1.

Many monkeys don't like water, but they can swim well when they have to.

P:

A:

2.

The teacher graded the student’s papers last night. She returned them during class the

next day.

P:

A:

3.

The cormorant is a diving bird. It can stay under water for a long time. In some countries,

it is used by fishermen to catch fish for them.

P:

A:

4.

Tom took an apple with him to school. He ate it at lunch time.

P:

A:

1.2 TYPES OF PRONOUNS

There are many types of pronouns. Let’s start with subject pronouns.

1.2.1 Subject Pronouns

A subject pronoun indicates that the pronoun is acting as the subject of the sentence. The

subject pronouns are:

I

You

He

She

It

We

They

You

Subject pronouns replace the subject of the sentence, like in this example. Mary likes to swim. = She likes to swim. The noun Mary was replaced by she (Subject pronoun)

1.2.2 Object Pronouns

An object pronoun indicates that the pronoun is acting as an object. These are:

Me

You

Him

Her

it

Us

You

Them

Look at this example. Mary likes Thomas. = Mary likes him. The pronoun him is replacing Thomas the object of the sentence.

EXERCISE 2

Practice a little to get the idea. Replace the nouns using subject and object pronouns.

1. Mary loves Tom.

1. Mary loves Tom. She loves him.

She loves him.

2. Susana bathes the

bathes

3. Silvia calls my brother

calls

4. The boy pays the

pays

5. Paul writes a

writes

6. My mother cooks

cooks

7. Tina has the

has

8. The dog eats the bone

9. You and I do the homework

10. The police officer works all day with his partner

eats

do

works all day with

EXERCISE 3

Try doing this exercise. Correct the following sentences and identify the pronoun that must be used. Like this:

EXAMPLE

Them go to school everyday. Them =incorrect They = subject pronoun is correct.

1. Them go to the park on Sundays.

2. Him and her have 5 children.

3. They walk with she.

4. Us have a big office.

5. We want to bathe the dog.

6. Her eats Chinese food with she.

7. She and Tom buy many things.

8. Us drink milk for breakfast.

9. Them study English with us.

10. Him feeds the dog.

1.2.3 Reflexive Pronouns

These pronouns are very easy to understand. You can use a reflexive pronoun to refer back

to the subject of a sentence.

The reflexive pronouns are:

Myself

Yourself

Himself

Herself

Itself

Ourselves

Themselves

Yourselves

EXAMPLE

(a)

He looked at himself in the mirror.

(b)

He himself answered the phone, not his secretary.

(c)

He answered the phone himself.

(d)

She lives by herself.

A

reflexive pronoun usually refers to the subject in a sentence; in (a) he and himself refer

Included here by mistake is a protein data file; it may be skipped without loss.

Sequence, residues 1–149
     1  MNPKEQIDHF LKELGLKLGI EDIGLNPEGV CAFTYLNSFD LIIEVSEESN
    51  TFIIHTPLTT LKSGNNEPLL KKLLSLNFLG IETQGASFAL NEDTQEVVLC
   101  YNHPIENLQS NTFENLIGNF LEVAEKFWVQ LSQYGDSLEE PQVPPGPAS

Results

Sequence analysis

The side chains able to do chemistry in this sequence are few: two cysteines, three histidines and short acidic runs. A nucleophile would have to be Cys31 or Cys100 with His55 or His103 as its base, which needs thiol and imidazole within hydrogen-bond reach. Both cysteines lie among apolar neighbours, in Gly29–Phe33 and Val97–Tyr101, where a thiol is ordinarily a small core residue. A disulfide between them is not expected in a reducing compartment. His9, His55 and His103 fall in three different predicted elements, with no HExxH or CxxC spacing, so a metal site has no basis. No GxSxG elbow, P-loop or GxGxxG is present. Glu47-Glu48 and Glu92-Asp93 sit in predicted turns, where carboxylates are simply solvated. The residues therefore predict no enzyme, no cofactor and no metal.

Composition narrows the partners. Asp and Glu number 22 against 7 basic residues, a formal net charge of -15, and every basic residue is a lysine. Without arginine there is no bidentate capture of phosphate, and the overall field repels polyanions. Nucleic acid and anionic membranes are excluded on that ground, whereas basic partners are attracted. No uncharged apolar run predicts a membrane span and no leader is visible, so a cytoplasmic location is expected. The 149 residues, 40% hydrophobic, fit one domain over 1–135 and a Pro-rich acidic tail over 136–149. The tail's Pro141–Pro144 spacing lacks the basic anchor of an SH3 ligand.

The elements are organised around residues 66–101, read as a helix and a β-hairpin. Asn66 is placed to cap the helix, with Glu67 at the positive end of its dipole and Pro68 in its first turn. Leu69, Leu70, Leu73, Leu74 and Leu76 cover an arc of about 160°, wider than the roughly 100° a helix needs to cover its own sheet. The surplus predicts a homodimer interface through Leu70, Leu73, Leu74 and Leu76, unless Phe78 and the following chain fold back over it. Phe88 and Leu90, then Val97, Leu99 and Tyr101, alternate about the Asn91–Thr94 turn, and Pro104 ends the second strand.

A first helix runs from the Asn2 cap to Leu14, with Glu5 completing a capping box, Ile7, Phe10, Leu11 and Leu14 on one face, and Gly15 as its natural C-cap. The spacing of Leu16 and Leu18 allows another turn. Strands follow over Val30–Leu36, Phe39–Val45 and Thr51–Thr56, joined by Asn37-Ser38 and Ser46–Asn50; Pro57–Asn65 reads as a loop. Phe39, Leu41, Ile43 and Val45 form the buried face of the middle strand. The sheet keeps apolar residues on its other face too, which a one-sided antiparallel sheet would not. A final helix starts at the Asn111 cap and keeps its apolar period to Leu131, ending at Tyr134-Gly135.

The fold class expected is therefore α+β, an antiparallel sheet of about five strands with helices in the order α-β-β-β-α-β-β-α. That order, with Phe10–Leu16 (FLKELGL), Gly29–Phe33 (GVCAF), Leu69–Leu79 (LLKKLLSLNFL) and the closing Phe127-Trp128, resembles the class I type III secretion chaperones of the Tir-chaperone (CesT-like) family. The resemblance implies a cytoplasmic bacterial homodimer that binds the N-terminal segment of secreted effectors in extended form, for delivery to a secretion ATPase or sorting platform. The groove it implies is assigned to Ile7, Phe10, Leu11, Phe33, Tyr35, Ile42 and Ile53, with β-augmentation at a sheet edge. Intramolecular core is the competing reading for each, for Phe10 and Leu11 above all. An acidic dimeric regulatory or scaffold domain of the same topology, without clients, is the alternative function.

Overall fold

to

the same person. Sometimes reflexive pronouns are used for emphasis, as in (b) and (c).

In

the expression “by + a reflexive pronoun” usually means “alone”.

EXERCISE 4

See for yourself how easy Reflexive Pronouns are. Complete the following sentences by using the appropriate reflexive pronoun.

1. Jane did not join the rest of us. She sat in the back of the room by

2. You may think Stan is telling the truth, but I

3. It is important for all of us to be honest with

4. Now that their children are grown, Mr. and Mrs. Grayson live by

5. You yourself have to make that decision, Ann. No one can make it for you.

6. I don't know what to tell you, Sue and Jack. You will have to take care or that problem

don't believe him.

7. When everybody else forgot his birthday, Ralph decided to give birthday present. He bought a new shirt for

a

EXERCISE 5

Agreement of pronouns. Complete the sentences with pronouns. In some of the blanks there is more than one possibility. Use the pronoun that sounds best to you.

1.

Students should always hand in their work on time.

 

2.

Teachers determine

student’s

course of study.

 

3.

Each student is expected to learn

 

lesson

on time.

4.

If anyone calls, please ask

to

leave a message.

 

5.

Somebody left

 

raincoat

in the classroom.

 

6.

The people in the flight on our long plane trip were very make us feel comfortable were greatly appreciated.

 

efforts

to

7.

My

family

(father,

Mother,

etc)

is

wonderful.

 

have

always

helped

 

in

anyway

could.

 

8.

The crowd enjoyed the

 

got

excited whenever the home team scored.

 

9.

The people at the last concert were very happy with the

 

were

singing along with the rock band. 10. The children ate breakfast this very hungry.

1.2.4 Non Specific Object Pronouns

never

do, but this time they were

A Non Specific Object Pronoun is a word that replaces nouns when they are placed as the object of a sentence. Look at these cases and pay attention because each one is a different case.